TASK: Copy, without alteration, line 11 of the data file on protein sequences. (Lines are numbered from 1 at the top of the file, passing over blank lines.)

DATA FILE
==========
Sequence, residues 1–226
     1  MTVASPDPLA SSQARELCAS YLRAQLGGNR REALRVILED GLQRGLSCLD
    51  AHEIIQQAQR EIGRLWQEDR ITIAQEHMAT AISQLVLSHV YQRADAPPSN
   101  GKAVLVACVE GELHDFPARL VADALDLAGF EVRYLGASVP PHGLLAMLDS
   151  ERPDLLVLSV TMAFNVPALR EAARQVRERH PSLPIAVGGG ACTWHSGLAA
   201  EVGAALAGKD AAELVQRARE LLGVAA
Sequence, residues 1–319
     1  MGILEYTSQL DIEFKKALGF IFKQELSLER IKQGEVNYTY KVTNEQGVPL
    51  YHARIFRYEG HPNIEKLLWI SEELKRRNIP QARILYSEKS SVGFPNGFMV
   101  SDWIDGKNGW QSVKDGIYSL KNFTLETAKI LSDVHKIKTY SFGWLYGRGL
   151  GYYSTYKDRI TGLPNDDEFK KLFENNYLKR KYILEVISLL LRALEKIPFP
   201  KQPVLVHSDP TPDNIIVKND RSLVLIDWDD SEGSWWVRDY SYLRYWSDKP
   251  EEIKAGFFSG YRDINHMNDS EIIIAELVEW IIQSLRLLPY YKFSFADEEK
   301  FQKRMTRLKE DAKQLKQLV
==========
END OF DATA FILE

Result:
   151  GYYSTYKDRI TGLPNDDEFK KLFENNYLKR KYILEVISLL LRALEKIPFP